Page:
Workplace Accommodations for Victims of Domestic Violence
Director of Compliance
Many employers know they have a duty to reasonably accommodate qualified individuals with a disability under the Americans with Disabilities Act and employee religious beliefs and practices under Title VII of the Civil Rights Act of 1964. They also commonly understand that under the Pregnancy Discrimination Act of 1978 temporarily disabled pregnant employees must be treated the same as other temporarily disabled employees when it comes to workplace accommodations. But are there other circumstances when employers may need to provide employees with a reasonable accommodation?
Domestic violence is a huge problem in the United States and Canada, and many states, provinces, and territories have passed or are considering passing laws giving employment protections to employees who are victims of domestic or family violence. New York is one of these states. But while the New York State Human Rights Law (NYSHRL) has long prohibited employment discrimination against domestic violence victims, the NYSHRL was recently amended to expand protections for known victims of domestic violence. Effective November 18, 2019, these amendments include but are not limited to providing reasonable time off to employees as an accommodation for the following reasons:
To seek medical attention for any injuries caused by domestic violence including treatment for a child who is a victim, provided the employee is not the perpetrator of the domestic violence against the child.
To obtain services from a domestic violence shelter, program, or rape crises center as a result of domestic violence.
To receive psychological counseling related to domestic violence, including for a child victim, provided the employee did not commit the domestic violence against the child.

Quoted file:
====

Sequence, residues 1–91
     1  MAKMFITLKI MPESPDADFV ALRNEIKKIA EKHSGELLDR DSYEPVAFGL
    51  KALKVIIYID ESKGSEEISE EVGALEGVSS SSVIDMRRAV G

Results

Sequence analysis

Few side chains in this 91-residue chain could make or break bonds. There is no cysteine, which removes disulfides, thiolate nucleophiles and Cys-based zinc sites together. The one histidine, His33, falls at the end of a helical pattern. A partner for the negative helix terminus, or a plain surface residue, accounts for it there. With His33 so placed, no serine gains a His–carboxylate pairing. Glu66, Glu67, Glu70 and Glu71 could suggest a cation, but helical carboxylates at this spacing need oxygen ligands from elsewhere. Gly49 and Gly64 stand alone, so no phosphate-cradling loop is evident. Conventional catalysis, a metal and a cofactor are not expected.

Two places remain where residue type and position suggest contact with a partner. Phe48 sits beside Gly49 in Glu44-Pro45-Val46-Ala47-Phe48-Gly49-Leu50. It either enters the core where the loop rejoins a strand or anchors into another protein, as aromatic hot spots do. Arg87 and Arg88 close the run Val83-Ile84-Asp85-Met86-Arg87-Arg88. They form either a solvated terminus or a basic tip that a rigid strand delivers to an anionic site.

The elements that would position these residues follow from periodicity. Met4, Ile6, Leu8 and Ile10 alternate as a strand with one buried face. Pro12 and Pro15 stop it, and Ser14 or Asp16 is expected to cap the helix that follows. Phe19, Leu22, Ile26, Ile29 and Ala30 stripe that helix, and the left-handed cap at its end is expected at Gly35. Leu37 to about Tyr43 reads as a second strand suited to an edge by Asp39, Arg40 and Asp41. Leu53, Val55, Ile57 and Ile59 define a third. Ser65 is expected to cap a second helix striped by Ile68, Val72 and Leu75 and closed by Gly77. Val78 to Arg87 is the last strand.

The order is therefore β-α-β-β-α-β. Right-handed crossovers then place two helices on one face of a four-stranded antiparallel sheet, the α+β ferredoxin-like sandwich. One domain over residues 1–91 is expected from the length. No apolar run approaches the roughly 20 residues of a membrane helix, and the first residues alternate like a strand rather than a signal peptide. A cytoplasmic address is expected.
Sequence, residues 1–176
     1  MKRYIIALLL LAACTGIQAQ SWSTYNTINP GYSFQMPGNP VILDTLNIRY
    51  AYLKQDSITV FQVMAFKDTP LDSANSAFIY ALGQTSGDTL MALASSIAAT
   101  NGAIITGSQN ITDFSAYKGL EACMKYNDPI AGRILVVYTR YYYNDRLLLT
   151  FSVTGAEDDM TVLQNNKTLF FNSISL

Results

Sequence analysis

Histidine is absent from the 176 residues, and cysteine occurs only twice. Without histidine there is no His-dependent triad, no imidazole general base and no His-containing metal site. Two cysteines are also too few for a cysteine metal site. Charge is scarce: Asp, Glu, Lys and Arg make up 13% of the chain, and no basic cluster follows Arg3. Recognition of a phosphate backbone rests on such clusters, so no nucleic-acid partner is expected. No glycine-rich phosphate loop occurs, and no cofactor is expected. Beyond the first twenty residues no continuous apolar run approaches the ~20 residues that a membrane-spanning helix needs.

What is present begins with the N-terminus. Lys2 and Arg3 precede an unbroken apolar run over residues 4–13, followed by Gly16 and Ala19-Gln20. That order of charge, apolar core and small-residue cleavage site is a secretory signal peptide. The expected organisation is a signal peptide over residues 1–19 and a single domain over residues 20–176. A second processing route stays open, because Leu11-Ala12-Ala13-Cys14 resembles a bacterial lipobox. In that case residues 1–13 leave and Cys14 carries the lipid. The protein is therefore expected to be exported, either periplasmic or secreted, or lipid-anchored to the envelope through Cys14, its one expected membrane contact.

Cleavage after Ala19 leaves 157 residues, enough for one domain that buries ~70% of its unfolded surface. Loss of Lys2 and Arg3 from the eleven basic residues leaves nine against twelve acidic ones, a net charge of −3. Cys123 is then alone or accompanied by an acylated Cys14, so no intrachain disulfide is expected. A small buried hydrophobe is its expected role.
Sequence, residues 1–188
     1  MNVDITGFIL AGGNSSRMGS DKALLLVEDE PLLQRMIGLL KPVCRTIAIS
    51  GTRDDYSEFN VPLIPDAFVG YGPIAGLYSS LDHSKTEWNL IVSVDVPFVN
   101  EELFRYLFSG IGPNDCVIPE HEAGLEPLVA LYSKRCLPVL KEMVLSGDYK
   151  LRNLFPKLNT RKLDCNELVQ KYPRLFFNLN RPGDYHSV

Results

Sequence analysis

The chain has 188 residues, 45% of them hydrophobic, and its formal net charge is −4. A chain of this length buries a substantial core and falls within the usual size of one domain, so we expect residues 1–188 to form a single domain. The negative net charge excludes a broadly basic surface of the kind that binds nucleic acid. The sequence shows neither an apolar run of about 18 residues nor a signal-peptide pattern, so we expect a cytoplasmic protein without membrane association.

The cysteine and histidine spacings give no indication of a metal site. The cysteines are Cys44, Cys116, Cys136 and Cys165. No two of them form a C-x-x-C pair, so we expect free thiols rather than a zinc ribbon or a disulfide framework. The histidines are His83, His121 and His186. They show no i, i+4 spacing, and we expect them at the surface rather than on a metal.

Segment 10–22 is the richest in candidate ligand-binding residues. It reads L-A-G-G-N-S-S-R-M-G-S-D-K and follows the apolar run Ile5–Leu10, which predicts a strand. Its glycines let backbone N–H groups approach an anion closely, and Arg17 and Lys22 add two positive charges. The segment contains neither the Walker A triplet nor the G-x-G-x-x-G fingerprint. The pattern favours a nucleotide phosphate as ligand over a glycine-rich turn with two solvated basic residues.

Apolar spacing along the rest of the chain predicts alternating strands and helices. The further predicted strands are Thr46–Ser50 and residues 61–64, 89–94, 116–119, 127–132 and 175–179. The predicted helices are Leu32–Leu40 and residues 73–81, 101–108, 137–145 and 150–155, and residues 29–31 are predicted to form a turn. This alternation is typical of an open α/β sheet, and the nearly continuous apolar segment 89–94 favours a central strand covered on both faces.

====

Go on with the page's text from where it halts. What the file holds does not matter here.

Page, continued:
To participate in safety planning and take other actions to increase safety from future incidents of domestic violence, including temporary or permanent relocation.
To obtain legal services, to assist in prosecuting the offense, or to appear in court relating to an incident of domestic violence.
As is the case with other reasonable accommodation obligations, employers are not required to provide the requested time off for these reasons if the absence would cause undue hardship to their business. If leave is granted, however, employers may charge the time off against any paid leave the employee has available but must continue any healthcare coverage to which the employee is entitled. New York State employers should review their employment policies and handbooks to reflect these new accommodation obligations and train managers and HR professionals on this new entitlement.
And remember, although many other places in the United states and Canada require employers to provide domestic or family violence leave to employees, these laws vary as to the reasons for leave, the definition of violence, how much time off is granted, notice and certification requirements, and use of paid leave. Employers everywhere should review the law wherever they have employees, or contact legal counsel, to determine what legal obligations they may have toward employees who are victims of domestic or family violence.
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